September 1st, 2010
Mid-Century is a computer enclosure inspired by the television show Mad Men. I was motivated by a challenge from a design blog to build something in the mid-century modern style and this is my response. The idea was to create a caricature of early-Sixties furniture fashion and somehow have it fit into an alternative universe where desktop computers were used in a 1960's Mad Men office. Could this have been Don Draper's PC?
The enclosure is made from a combination of red oak plywood and birch plywood with a red oak veneer. The legs are solid red oak. The plywood panels were hand sawn and the taper in the legs are hand carved. The color is natural red oak that is finished with Danish Oil and semi-gloss brushing lacquer.
For me, mid-century modern means long, thin legs and floating tabletops. These are meant to give an airy appearance to the design. It also means stark minimalism with vast expanses of wood with no fasteners showing.
The actual computer case is a slightly modified Silverstone TJ08 micro ATX tower. The case is easily removed by pulling it out from the back of the enclosure. The Silverstone case has vent ducts cut into the top and bottom to align with the external enclosure's vent openings.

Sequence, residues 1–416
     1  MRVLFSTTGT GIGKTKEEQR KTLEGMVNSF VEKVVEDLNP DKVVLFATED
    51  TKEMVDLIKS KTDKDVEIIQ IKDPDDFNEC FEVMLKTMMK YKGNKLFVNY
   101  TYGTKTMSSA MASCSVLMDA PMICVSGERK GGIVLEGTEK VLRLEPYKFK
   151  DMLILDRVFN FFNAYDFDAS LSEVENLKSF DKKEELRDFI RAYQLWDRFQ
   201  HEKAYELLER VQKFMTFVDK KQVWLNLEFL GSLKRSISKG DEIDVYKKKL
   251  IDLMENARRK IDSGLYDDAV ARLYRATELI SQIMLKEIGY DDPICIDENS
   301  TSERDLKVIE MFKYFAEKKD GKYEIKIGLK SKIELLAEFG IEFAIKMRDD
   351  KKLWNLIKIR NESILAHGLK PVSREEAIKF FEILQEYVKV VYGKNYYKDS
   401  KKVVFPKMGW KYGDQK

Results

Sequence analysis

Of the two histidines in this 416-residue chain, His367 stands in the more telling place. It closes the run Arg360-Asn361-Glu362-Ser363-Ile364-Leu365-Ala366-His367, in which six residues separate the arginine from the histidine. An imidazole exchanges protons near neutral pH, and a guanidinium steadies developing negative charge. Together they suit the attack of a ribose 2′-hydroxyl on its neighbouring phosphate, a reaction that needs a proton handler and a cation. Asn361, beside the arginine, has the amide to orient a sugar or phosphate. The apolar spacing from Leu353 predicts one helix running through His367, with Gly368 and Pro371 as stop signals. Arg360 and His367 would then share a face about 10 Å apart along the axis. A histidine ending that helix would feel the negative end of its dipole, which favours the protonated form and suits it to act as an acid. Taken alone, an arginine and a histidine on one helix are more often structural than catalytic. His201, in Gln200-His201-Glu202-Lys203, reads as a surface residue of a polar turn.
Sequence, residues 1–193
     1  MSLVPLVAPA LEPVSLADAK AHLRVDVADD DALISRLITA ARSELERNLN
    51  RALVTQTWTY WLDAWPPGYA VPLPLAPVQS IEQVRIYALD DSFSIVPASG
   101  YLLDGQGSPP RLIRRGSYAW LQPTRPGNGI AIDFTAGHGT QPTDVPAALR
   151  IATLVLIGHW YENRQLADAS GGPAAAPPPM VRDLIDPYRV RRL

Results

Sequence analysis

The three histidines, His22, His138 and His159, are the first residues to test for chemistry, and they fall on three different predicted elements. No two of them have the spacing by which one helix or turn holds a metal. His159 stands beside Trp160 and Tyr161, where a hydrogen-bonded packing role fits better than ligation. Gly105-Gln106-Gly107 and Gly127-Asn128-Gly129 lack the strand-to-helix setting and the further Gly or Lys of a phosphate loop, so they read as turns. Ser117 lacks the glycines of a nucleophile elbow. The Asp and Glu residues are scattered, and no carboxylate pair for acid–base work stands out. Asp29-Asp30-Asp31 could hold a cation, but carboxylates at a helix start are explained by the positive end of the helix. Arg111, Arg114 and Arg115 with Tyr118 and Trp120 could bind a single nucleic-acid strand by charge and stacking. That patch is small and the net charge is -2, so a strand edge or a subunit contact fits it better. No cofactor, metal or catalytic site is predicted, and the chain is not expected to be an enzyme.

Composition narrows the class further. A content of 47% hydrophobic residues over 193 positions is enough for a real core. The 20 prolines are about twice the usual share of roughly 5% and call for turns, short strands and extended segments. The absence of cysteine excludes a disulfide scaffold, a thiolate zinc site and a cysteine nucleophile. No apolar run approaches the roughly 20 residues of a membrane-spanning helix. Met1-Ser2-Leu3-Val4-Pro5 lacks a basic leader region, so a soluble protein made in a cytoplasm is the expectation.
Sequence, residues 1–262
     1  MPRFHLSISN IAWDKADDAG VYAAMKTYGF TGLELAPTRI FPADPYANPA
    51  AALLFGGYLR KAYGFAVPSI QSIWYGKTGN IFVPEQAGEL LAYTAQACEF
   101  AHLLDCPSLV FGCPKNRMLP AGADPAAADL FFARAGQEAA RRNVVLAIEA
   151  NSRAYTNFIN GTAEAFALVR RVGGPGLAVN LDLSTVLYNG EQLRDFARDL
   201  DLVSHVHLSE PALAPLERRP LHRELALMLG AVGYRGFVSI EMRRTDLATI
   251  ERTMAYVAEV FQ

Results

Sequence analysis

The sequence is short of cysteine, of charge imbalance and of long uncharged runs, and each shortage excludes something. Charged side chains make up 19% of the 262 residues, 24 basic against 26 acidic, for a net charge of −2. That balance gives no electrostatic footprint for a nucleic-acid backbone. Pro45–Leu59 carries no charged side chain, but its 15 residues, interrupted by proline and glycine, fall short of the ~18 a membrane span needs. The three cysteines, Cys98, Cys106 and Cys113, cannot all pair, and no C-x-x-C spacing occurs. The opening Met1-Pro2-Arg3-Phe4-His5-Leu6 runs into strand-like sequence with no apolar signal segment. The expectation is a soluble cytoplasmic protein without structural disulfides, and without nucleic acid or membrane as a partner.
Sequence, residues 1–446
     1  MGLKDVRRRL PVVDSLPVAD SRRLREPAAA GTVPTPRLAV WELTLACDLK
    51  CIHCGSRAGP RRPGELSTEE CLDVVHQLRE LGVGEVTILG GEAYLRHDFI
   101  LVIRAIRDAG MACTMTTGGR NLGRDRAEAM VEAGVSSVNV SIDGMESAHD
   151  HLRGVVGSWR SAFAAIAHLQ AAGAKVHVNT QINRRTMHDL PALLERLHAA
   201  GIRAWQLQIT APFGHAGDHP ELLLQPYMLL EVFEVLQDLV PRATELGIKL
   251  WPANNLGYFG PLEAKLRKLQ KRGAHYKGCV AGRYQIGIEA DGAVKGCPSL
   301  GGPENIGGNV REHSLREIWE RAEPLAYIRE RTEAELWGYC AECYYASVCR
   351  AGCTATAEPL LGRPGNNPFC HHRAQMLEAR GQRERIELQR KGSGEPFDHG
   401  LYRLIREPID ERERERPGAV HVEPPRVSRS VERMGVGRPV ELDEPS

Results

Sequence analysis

Specific inspiration for Mid Century came from this mid-Sixties teak Danish-designed desk that I spotted for sale on ebay. I have spotted several more since then so I'm thinking that it must have been a popular item.
This is the specific photo I was working from. A great feature of this desk is that it has a built-in bar cabinet that faces out into the office. I thought this tied in nicely to the whole Mad Men thing
I grew up surrounded by this type of furniture and my favorite piece was a Curtis-Mathes stereo console that my parents purchased in 1962. For me, mid-century modern conjures up memories of woven cane speaker cloth framed in wood. It also conjures up images of geometric-paneled room dividers. I combined the two ideas into this grille design. The grille is made from 92 pieces of wood glued together into three layers and painted with a color that is suppose to simulate nicotine-stained ivory.
This is a construction photo showing the placement of twin 140mm fans at the bottom of the enclosure. At the top of the enclosure is an exhaust vent made from solid red oak.
Toss in a little bourbon and my first edition Ian Fleming Thunderball. Thanks for looking.
Back to Main Gallery
Speciial thanks to my friends at the following companies for their continued support.